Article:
The country's stock market monitor halted trading at the main bourses after share prices tumbled more than 10% within 20 minutes of the market opening as investors panicked about the economic policies of the incoming communist-supported government of Sonia Gandhi.
The benchmark index of the Bombay Stock Exchange, the Sensex, opened sharply lower and tumbled further to 4516.6 points in a 10.9% drop before the Securities and Exchange Board of India ordered trading to be suspended for an hour. The National Stock Exchange, the country's largest, plunged 11.5%.
The plummet, which stock exchange officials said was the biggest single-day fall, came despite a warning issued by the Securities and Exchange Board of India to be "extraordinarily watchful of any unusual movements in the market and report to SEBI immediately."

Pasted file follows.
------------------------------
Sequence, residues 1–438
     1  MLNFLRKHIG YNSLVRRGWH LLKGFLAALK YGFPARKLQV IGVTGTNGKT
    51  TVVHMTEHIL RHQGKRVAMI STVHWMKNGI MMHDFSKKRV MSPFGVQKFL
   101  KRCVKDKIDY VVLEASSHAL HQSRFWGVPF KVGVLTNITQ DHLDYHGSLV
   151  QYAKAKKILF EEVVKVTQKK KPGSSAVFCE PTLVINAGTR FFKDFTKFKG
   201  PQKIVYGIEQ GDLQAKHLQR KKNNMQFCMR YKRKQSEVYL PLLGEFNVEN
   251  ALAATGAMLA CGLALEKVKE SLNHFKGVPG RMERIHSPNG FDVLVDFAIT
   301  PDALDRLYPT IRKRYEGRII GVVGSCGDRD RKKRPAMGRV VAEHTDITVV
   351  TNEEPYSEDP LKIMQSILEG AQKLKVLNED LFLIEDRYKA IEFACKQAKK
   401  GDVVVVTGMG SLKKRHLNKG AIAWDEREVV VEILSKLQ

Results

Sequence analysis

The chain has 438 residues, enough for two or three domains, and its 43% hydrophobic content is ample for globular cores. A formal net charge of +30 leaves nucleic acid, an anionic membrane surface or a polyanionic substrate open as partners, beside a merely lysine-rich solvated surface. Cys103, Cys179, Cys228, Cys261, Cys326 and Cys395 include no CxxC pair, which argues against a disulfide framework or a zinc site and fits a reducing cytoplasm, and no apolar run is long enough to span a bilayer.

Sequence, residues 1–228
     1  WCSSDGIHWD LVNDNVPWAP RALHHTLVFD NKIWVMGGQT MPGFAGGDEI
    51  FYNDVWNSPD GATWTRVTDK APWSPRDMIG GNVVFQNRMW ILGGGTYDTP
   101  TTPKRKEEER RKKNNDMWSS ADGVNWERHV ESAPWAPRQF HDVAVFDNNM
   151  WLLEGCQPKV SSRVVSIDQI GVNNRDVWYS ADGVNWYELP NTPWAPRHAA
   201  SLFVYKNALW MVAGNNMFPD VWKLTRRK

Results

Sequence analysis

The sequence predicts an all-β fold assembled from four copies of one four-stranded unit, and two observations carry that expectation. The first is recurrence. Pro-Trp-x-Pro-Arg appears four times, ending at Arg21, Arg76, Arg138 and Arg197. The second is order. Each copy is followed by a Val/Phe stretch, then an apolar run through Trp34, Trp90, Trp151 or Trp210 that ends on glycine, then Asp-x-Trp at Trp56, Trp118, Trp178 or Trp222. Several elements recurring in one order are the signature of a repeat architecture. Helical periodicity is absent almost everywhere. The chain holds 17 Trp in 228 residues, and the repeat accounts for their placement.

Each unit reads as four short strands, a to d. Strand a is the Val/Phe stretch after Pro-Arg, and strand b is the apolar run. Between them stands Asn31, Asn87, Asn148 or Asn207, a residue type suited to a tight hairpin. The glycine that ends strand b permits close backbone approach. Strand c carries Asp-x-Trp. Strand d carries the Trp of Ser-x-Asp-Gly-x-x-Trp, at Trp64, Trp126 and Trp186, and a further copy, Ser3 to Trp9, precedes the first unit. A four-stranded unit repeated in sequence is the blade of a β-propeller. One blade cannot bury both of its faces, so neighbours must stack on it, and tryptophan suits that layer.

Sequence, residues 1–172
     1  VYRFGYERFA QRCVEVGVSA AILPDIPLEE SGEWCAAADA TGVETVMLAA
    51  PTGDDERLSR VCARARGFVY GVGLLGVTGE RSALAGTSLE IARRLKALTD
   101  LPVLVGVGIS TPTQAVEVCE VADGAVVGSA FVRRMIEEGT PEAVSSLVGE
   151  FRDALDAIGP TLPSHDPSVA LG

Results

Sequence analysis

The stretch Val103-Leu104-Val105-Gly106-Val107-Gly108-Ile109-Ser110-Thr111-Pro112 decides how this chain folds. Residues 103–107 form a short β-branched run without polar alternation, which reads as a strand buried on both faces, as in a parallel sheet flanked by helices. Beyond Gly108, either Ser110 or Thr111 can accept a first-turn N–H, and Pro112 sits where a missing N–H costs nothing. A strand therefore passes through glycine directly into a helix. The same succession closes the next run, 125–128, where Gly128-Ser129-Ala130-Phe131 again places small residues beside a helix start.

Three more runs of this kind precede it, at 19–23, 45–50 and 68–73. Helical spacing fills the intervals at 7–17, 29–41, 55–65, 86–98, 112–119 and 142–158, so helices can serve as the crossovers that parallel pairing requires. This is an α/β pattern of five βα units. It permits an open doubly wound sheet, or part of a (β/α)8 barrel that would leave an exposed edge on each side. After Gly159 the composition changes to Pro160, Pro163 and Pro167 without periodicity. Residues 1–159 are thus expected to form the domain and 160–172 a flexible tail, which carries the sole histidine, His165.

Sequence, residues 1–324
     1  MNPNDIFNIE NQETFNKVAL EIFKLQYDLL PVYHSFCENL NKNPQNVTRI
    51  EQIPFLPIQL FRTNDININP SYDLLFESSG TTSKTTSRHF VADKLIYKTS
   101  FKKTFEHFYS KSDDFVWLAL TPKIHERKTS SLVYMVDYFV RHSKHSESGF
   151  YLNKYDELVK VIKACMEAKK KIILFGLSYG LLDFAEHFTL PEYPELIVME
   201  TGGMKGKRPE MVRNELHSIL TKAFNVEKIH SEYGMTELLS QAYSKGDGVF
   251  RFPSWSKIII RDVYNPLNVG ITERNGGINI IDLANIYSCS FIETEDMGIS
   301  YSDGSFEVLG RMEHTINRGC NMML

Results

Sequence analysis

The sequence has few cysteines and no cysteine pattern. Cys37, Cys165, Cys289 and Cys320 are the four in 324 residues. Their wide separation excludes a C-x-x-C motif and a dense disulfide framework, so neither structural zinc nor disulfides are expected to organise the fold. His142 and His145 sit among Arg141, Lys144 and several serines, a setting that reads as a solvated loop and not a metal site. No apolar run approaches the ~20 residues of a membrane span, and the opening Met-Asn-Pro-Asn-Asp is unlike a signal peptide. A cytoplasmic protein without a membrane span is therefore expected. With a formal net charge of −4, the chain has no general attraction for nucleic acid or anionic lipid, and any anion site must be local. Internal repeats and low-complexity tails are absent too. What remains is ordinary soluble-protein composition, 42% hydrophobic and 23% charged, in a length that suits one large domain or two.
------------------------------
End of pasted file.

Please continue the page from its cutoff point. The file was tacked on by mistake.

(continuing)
Brokers said the volatility in the market would continue until the new government's policies, especially those on privatization of state-run companies, were made clear.
The market dived on fears the Congress party, set to form a new government after ousting the ruling National Democratic Alliance in elections last week, may slow privatization of state-run companies and undo market-friendly policies to appease the leftists, whose support is crucial for a parliamentary majority.
The Congress party, however, said the market fears were misplaced.
"I am puzzled by the market crash," Pranab Mukherjee, a senior Congress official, told the CNBC news channel.
Mukherjee has been asked by Gandhi to consult the communists and other allies and draft a "common minimum programme" outlining the economic and foreign policies of the new government.
Mukherjee said market players were acting in haste, instead of waiting to see the content of the document.
"Our efforts would be to create a market-friendly atmosphere" for investors, Mukherjee said. "We want to achieve 8 to 10% growth for the economy," he said.